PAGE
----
AAWW at 30

As the Asian American Writers’ Workshop celebrates its 30th anniversary, we invited current and former editors, writers, community members, and workers to make new meaning from the Workshop’s archive. Together, they have awakened AAWW’s print anthologies and journals, returned to the physical spaces of the Workshop starting from our basement location on St. Mark’s, and given shape to the stories from within AAWW that circulate like rumors, drawing writers back again and again. In revisiting the Workshop’s history, we hope for insight into the ever-changing landscape of Asian diasporic literature and politics and inspiration to guide us forward in our next 30 years.

In which we awaken and make new meaning from our archive

Jessica Hagedorn, Kimiko Hahn, and Kyle Dacuyan talk about the funky, raw arts spaces we need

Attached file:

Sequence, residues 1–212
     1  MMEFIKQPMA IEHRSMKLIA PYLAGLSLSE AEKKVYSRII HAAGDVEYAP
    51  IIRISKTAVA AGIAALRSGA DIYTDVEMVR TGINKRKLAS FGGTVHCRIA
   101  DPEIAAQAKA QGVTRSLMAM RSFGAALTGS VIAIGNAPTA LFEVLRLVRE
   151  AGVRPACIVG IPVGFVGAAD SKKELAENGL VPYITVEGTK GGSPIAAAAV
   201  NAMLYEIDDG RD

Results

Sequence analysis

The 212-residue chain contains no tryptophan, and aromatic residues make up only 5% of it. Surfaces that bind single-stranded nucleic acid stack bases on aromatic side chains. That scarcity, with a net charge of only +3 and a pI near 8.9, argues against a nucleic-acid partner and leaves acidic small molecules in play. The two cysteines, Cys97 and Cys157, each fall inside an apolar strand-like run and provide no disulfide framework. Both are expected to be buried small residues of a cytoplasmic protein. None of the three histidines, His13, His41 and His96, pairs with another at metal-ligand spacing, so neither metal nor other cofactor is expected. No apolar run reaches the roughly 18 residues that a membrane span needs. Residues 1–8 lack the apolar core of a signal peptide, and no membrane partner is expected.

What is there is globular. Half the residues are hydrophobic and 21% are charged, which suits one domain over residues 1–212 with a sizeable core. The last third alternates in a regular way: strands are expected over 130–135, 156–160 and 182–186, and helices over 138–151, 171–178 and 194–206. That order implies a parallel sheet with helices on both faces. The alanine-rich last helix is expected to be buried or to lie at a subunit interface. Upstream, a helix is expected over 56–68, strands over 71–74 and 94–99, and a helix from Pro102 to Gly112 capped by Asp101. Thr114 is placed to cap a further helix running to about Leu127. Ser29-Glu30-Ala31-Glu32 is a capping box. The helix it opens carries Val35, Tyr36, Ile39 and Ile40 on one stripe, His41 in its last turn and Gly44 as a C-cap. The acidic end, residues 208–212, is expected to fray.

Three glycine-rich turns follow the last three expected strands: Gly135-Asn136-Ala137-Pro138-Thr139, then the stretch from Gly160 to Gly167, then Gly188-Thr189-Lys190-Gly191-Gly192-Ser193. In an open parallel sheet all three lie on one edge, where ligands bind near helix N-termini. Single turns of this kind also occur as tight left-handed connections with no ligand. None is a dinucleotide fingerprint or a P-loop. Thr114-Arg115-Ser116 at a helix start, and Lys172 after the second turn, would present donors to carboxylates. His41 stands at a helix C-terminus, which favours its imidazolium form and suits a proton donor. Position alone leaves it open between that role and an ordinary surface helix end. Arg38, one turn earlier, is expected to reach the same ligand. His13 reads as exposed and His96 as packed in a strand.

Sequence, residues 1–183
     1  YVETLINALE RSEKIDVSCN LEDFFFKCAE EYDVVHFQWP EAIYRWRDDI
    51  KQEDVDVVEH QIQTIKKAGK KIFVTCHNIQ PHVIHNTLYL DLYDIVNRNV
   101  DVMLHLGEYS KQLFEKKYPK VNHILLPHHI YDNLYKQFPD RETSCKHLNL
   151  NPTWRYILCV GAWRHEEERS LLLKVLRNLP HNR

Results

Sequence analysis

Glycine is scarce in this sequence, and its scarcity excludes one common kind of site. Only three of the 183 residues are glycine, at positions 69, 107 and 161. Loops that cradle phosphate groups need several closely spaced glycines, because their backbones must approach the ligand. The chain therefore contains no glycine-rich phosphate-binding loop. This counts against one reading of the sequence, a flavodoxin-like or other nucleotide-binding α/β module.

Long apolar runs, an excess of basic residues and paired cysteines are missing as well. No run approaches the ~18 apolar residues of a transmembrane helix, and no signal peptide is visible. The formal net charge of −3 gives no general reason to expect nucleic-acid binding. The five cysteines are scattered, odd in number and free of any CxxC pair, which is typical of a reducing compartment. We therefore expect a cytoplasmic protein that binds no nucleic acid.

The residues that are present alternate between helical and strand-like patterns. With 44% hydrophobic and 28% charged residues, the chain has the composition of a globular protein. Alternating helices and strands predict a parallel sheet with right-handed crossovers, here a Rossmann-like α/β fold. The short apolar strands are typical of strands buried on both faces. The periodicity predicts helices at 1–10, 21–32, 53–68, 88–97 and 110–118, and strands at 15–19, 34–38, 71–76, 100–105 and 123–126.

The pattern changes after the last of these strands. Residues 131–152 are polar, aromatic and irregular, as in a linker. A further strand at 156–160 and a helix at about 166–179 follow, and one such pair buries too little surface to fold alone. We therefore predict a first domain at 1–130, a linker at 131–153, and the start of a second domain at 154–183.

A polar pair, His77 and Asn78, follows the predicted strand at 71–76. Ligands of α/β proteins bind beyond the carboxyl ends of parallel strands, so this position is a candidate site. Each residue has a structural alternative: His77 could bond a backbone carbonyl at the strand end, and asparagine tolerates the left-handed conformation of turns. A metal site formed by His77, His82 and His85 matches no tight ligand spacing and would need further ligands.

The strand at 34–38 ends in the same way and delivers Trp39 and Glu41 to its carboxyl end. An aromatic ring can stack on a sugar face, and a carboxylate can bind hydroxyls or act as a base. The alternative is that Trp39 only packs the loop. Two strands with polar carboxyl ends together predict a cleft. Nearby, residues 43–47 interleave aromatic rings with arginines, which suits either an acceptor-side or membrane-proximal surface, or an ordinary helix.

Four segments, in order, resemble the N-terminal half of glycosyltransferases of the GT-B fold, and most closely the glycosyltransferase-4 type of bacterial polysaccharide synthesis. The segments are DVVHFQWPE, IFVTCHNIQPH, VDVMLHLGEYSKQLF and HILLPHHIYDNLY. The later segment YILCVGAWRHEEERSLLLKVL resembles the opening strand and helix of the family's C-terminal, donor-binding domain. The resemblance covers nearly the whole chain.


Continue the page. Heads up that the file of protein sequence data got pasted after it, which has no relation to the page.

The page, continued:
Former and current Workshop directors and workers reflect on 30 years of AAWW’s spaces

On AAWW as a space of solace and connection

The Workshop as a space of “experimentation and even error”

Remembering the Workshop’s basement office in the late nineties

Remembering the AAWW offices in the East Village and Koreatown

AAWW’s current executive director reflects on virtual space and community

Former programs associate Nadia Q. Ahmad on work, rest, and AAWW’s fabled green couch

Former art director Britt Gudas recalls being on duty at the Workshop

Luis H. Francia and Eric Gamalinda talk about the making of AAWW’s Filipino American literary anthology

Former Open City Fellow Humera Afridi answers 10 questions about her writing life

The poet talks with Eileen Tabios about his writing process and how “language can be a thicket and brambles”

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